Measles are an unusually catching disease, and the cause is a virus that spreads throughout the entire body, though it mainly attacks the skin and the respiratory system. Incubation takes 10 to 14 days.
The symptoms described below relate to a characteristic case of measles.
The first day or two a chid is starting to feel bad; the temperature is elevated, the nose ”leaks”, and the eyes are red and full of tears. The child has a dry cough and may have diarrhea. On the third day the temperature drops, and white dots (that look like salt grain) appear. On the fourth and fifth days the temperature rises again and a characteristic rash on the skin appears. The rash first occus on the forehead and behind the ears in the form of small (2 to 3 mm), red and somewhat elevated stains. The stains gradually extend to other parts of the head and body (but, usually, not to the limbs). As the expand, those stains become bigger and merge together. On the sixth day the rash begins to disappear, and after a week all the symptoms disappear.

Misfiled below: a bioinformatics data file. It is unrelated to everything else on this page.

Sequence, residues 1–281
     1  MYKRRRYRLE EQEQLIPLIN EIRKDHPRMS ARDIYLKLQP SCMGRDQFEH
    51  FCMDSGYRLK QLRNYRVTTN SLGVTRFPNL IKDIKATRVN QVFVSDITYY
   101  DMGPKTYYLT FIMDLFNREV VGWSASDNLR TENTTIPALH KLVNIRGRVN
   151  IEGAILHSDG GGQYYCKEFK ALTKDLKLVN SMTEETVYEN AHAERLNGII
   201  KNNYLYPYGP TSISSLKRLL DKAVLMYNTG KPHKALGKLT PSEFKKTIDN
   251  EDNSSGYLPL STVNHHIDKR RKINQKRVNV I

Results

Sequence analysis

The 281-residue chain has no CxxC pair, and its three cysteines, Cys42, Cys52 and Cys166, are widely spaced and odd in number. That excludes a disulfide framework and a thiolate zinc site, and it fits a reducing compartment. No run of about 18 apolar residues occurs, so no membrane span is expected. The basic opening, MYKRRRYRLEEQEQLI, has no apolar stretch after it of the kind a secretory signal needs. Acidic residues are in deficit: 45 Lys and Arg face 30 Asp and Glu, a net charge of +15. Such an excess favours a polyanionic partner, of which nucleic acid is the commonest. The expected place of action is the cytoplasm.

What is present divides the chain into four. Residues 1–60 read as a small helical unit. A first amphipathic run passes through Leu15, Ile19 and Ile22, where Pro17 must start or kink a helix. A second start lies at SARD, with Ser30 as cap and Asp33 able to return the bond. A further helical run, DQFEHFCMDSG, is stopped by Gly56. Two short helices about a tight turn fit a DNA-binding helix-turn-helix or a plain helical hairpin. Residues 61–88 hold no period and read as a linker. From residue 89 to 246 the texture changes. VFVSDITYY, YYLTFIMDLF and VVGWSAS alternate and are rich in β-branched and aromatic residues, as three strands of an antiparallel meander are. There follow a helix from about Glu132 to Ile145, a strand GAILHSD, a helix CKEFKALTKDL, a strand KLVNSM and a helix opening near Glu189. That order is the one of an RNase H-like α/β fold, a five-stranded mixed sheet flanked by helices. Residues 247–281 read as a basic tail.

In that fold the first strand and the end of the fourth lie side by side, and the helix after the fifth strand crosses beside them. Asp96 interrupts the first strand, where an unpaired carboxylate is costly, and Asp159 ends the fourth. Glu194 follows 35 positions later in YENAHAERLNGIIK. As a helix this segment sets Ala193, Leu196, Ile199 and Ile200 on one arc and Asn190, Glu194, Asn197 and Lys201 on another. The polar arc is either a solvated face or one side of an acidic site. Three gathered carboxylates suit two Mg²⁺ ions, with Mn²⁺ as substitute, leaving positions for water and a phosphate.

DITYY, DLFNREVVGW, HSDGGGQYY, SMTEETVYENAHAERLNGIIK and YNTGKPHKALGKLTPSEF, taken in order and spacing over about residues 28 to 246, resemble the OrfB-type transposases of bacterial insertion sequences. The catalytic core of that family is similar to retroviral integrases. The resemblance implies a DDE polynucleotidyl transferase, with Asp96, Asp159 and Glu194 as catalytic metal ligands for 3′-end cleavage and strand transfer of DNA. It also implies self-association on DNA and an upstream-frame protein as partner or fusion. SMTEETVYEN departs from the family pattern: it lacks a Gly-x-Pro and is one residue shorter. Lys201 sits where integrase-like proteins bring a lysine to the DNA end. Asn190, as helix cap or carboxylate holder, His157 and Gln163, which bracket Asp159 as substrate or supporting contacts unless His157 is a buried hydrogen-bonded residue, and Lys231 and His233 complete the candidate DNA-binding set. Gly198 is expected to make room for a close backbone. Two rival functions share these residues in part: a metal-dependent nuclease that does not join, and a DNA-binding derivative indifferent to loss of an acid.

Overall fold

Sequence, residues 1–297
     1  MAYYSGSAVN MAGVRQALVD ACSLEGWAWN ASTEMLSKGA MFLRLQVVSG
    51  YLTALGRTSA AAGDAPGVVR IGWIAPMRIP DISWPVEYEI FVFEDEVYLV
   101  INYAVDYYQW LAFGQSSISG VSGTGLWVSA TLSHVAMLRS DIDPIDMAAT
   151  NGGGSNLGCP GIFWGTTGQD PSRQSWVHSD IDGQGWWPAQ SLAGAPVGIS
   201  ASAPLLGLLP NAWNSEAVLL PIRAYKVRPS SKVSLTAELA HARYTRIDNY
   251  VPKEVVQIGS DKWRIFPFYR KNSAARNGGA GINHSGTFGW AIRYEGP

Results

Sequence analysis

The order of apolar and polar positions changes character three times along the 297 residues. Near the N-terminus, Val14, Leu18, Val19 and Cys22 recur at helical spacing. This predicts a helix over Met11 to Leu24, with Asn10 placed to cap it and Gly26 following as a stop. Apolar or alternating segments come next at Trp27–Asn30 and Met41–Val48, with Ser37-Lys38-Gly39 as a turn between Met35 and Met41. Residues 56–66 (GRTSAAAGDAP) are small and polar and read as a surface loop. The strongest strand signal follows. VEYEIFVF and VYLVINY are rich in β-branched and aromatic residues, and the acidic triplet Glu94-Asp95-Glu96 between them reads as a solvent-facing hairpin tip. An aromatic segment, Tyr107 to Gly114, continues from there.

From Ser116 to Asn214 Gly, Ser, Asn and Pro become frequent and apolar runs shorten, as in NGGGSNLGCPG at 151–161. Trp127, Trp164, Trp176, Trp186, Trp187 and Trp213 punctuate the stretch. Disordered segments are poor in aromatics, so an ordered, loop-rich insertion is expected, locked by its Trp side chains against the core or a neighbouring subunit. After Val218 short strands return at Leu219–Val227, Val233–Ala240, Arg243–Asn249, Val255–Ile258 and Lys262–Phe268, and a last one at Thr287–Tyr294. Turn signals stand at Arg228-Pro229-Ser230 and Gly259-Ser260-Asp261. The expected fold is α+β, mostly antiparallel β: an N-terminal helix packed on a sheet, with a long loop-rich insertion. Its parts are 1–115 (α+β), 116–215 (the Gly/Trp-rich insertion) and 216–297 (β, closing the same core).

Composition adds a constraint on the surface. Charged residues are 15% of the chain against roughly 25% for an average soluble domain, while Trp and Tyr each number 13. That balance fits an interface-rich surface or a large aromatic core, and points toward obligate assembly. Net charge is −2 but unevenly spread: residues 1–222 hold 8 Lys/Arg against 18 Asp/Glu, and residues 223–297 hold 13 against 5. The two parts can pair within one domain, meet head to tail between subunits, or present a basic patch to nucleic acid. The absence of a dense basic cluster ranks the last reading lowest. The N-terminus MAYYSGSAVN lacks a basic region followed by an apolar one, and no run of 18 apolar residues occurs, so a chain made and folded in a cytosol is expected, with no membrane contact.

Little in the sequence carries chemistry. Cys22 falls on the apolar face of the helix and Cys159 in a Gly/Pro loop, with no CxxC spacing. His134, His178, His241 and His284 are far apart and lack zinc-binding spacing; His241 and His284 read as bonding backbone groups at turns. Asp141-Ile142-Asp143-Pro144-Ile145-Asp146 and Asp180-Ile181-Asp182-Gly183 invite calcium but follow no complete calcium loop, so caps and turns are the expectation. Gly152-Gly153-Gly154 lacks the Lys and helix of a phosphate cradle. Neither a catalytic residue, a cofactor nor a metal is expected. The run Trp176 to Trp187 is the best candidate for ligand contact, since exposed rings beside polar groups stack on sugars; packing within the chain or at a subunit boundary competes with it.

Some children with measles will have headaches and are lethargic (sleepy). In rare cases, they may be sensitive to light. Although this is not usually a cause for concern, tell it to the doctor.
Measles are much less frequent than before, which is the result of a mandatory vaccination program.
What to do?
If you suspect that your child has measles, you must report it to the doctor because the health authorities register all the cases. If it is an individual case, your doctor will probably visit you; in the case of a local epidemic, a diagnosis will be sufficient and a description of the symptoms over the phone. However, at the first sign of any complications – such as ear problems or symptoms of encephalitis – call your doctor immediately.
Self-help: there are several ways to help a child relieve a disease and protect him from possible dangers. Since measles are unusually catching, there is practically no point in trying to take any measures in order to protect other family members from getting sick (in fact, they may already be infected).
Professional help: measles are a viral disease, so your doctor will not prescribe antibiotics because they do not act on viruses. (However, antibiotics are effective against bacteria and are therefore used in the event of complications such as ear problems or pneumonia – see pneumonia in children.) In most cases, the child will be healthy after 10 days and will be lifelong immune to measles.